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Asia Pac J Clin Nutr. 2008;17(1):159-65.

Green tea and gastric cancer risk: meta-analysis of epidemiologic studies.

Author information

1
Department of Gastrointestinal Surgery, West China Hospital, Sichuan University, 37 Guo Xue Rd., Chengdu 610041, Sichuan Province, China.

Abstract

OBJECTIVE:

To evaluate the association between green tea consumption and the risk of gastric cancer.

METHODS:

Electronic search of the Cochrane Library, MEDLINE, EMBASE and Chinese Bio-medicine Database, which have articles published between (1966 and 2006), was conducted to select studies for this meta-analysis.

RESULTS:

This meta-analysis included 14 epidemiologic studies, with a total number of 6123 gastric cancer cases and 134006 controls. The combined results based on all studies showed that green tea consumption was not associated with the risk of gastric cancer [odds ratio (OR)=0.98, 95% confidence interval (CI)=0.77-1.24]. The summary OR from all population-based case-control studies showed a minor inverse association between green tea consumption and risk of gastric cancer (OR=0.68, 95% CI=0.49-0.92), while no associations were noted from hospital-based case-control studies (OR=1.12, 95% CI=0.70-1.77) and cohort studies (OR=1.56, 95% CI=0.93-2.60). No associations were noted both in males (OR=1.10, 95% CI=0.76-1.60) and females (OR=0.99, 95% CI=0.64-1.51). The summary OR from seven studies suggest that the highest consumption level of green tea was more than 5 cups per day and no associations were noted (OR=0.99, 95% CI=0.78-1.27).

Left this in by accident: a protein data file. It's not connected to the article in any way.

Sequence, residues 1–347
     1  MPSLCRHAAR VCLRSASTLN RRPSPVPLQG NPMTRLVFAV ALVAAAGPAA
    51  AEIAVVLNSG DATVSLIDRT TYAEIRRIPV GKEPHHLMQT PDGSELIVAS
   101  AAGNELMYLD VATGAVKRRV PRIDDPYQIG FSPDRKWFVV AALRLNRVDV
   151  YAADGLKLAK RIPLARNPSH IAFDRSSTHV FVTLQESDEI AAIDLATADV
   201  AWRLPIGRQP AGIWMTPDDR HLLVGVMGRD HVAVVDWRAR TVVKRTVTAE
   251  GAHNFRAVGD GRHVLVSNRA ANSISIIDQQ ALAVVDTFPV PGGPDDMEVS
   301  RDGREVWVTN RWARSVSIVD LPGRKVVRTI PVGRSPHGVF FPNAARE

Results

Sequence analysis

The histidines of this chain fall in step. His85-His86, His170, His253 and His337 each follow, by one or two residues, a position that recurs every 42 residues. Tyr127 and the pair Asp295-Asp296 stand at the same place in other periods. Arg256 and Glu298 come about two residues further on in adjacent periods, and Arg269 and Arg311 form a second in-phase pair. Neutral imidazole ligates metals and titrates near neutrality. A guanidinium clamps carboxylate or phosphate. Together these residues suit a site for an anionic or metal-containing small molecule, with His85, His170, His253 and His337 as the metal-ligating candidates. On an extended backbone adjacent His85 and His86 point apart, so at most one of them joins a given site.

CONCLUSIONS:

The results of this meta-analysis indicated that there is no clear epidemiological evidence to support the suggestion that green tea plays a role in the prevention of gastric cancer.

PMID:
18364341
[Indexed for MEDLINE]
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